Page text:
Do your homework before making any purchases online.

This is probably the most divisive recommendation. The internet is a fantastic tool for learning about available technological solutions. However, creating a quality home theater is not a “do-it-yourself” activity. If you don’t know that your installer will take responsibility for the installation, it’s best not to purchase online. Take caution. Most technicians won’t put in something they didn’t sell.

The estimates you get online should be pretty close to the real thing. You can use that data to bargain with an installation for a fair price BEFORE a contract is signed. But don’t ask your dealer to “price match” a lower offer after you’ve already settled on a price. When you want a pleasant, professional relationship with your installer so that you may get a great home entertainment system, this is the surest way to make enemies.

9 Taking the Recommended Retail Price (RRP) as a “Fair” Price

You will probably pay “retail” for the electronic equipment, speakers, and displays you purchase when working with a professional installer. Contrast this with the meager costs you see online. You are not stupid for paying “retail,” which is not bad. And here’s why.

As a first point, many premium manufacturers refuse to work with inexpensive or online retailers. If it’s available “online,” the maker probably cares more about volume than quality.

Second, the Internet prices you may find are usually entirely made up because most respected brands aren’t supplied via online sites. Your preferred brand is temporarily out of stock, but the store has a “great” deal on an alternative. This is a classic bait-and-switch, so don’t take the bait.

Third, suppose a manufacturer offers deep discounts and widespread distribution (especially for brands that can only be found online). In that case, it may indicate that they are more concerned with moving units than making a profit, which could mean they have fewer resources for after-sale support. Find a “great” deal on the internet. You may be disappointed to learn that replacement parts are expensive, customer support is difficult to obtain, and warranty conditions are unfavorable.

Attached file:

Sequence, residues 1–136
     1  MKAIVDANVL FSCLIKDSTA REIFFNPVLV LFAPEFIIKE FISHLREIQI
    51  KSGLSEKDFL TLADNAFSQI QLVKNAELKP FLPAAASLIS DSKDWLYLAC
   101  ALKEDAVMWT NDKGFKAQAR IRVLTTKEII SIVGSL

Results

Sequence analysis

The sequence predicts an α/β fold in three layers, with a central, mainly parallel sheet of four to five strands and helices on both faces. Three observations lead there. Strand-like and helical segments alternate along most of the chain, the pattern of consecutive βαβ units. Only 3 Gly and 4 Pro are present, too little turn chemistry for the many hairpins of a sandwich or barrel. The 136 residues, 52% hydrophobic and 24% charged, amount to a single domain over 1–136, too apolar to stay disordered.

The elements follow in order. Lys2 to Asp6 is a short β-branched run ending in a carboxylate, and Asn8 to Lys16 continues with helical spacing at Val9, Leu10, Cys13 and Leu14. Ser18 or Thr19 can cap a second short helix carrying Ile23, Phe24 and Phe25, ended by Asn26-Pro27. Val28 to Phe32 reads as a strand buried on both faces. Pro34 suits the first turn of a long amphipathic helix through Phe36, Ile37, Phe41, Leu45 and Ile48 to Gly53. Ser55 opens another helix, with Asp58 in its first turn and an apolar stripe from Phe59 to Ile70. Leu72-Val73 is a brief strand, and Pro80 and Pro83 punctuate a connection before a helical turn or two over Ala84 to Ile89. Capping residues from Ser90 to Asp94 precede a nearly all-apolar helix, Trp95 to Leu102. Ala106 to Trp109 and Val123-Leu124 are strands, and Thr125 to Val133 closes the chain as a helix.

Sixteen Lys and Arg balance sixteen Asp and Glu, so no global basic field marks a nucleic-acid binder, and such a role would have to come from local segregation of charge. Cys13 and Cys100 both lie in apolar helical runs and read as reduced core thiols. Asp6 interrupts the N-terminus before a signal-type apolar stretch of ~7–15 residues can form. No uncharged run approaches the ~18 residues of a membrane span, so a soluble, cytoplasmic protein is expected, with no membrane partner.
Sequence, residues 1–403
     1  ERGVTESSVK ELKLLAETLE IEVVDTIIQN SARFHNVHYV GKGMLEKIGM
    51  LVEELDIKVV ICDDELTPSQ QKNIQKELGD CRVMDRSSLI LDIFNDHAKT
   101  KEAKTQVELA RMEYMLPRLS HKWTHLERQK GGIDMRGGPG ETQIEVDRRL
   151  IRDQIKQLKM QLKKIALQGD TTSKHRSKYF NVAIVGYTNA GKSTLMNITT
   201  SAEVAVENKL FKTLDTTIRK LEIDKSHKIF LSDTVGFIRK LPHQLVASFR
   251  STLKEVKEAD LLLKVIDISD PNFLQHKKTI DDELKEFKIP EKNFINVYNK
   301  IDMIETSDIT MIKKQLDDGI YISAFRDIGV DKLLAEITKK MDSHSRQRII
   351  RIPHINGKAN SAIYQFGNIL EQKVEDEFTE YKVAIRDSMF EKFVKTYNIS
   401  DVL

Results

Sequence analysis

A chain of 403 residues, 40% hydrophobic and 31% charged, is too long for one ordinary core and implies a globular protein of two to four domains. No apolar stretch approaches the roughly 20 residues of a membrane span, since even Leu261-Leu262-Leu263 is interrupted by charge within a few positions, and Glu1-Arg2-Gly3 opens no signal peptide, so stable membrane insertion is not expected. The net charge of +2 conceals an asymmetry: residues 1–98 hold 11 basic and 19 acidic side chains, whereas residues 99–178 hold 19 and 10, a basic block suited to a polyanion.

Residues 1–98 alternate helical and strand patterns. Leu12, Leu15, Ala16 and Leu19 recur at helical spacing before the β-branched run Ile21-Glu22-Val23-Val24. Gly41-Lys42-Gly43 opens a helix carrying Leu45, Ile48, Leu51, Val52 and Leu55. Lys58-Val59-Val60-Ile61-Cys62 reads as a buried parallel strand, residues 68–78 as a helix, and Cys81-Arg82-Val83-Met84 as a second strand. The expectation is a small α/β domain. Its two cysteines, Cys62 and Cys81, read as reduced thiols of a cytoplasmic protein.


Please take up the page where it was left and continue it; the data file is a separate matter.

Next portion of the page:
Finally, home theater systems are relatively complex to install, just like other large “appliances” in your home. About half of a project’s cost is accounted for by the price of the equipment; the other half comprises the cost of integration/installation and maintenance. Think about the cost of these add-ons while comparing offers. You can save money in the long run by purchasing from a full-service dealer rather than buying something online because they typically include all these extras in the price.

10 – Financing Options:

First, you should never pay in total upfront for installation services unless you are familiar with the contractor. It’s reasonable for some shops to request a 50% down payment before beginning construction or design. Don’t rush into making a large down payment.

Second, it is normal for an installation to request partial payment up front and the remaining balance to be paid over the month if the work is lengthy.

As a third step, you must wait to release the remaining balance until the project is deemed “complete.” Carefully analyze what you mean by “complete.” If the installer’s work conforms to the original quote and the project is finished, he or she should be compensated in full.

Finding the best home theater installer may seem like an overwhelming endeavor; however, with some investigation. With enough research and common judgment, you can build the theater of your dreams without breaking the bank.